Thursday, October 13, 2005

USATODAY.com - Drug agents can't keep up with pot growers

USATODAY.com - Drug agents can't keep up with pot growers: "NORTHERN MENDOCINO COUNTY, Calif. - In the waning days of a record season, a helicopter buzzes treetops here in a remote corner of the 'Emerald Triangle,' redwood country notorious as the USA's premier producer of marijuana.

State narcotics officers from CAMP — Campaign Against Marijuana Planting — are searching for "gardens" to eradicate and find six on a warm, cloudless day.

They strap onto a 150-foot cable dangling from the chopper, drop into the pot patches, hack down the plants and bundle them for the chopper to haul back to a landing zone.

CAMP's critics equate the program with Prohibition in the 1930s.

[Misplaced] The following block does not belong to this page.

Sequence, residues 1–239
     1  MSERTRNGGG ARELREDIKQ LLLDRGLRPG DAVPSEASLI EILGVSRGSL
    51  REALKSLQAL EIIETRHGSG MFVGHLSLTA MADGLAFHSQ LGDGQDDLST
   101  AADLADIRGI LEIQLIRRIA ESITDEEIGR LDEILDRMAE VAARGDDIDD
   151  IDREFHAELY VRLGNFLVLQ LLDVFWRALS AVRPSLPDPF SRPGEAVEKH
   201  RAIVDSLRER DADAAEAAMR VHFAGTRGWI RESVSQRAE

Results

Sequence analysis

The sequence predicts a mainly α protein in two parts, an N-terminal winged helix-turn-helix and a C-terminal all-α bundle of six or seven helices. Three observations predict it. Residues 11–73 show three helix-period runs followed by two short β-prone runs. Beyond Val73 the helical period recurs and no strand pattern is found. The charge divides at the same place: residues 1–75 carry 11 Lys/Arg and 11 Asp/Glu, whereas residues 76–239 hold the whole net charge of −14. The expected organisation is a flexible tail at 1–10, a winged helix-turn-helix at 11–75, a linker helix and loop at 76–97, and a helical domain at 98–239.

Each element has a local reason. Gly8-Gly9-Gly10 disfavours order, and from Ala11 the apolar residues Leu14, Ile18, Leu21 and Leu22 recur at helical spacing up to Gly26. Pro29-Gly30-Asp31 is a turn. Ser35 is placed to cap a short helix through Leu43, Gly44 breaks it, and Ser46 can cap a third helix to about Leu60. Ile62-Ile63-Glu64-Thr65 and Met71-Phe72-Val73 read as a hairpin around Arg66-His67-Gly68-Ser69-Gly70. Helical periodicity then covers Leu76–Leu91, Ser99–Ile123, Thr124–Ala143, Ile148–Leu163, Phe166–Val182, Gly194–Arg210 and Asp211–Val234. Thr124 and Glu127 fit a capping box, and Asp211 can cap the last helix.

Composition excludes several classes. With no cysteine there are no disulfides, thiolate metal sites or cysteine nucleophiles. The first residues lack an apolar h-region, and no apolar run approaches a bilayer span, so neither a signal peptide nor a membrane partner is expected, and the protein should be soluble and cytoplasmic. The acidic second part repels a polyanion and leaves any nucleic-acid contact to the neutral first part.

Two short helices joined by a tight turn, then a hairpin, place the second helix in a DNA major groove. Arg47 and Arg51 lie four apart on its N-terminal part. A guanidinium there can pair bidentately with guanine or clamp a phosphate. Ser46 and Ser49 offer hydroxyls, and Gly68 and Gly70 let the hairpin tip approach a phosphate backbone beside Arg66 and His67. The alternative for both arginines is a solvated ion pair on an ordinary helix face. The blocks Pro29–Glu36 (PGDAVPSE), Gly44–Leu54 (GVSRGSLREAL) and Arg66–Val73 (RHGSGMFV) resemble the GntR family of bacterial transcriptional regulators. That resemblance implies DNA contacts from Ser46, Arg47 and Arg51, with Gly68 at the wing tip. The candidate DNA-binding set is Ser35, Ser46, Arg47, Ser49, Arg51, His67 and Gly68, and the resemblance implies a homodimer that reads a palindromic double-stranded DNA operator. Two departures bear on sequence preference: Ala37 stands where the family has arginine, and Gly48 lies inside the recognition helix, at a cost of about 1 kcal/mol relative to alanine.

"Look at the amount of economic value we're destroying," says Dale Gieringer, director of California NORML, the National Organization for the Reform of Marijuana Laws. "This could be legally taxed and regulated and we could all be making money off it. We never saw this lawlessness until there were drug laws and CAMP." NORML estimates that Californians' pot consumption could yield at least $250 million a year in sales taxes.

Gieringer also says that, despite the government's assertion, there is no evidence that Mexican cartels are involved in the cultivation.

Roger Rodoni is a cattle rancher and registered Republican who has represented a conservative district in Humboldt County — conservative by local standards, anyway — on the board of supervisors since 1997. He calls CAMP "an exercise in futility."

"It's a vast expenditure of public funds that for all practical purposes does no good," Rodoni, 65, says. Demand for marijuana keeps growing, and CAMP has done little to stem the supply, he says. As evidence he points to a drop in the price of "the quality stuff'" from $6,000 a pound a few years ago to $3,000 today." (more)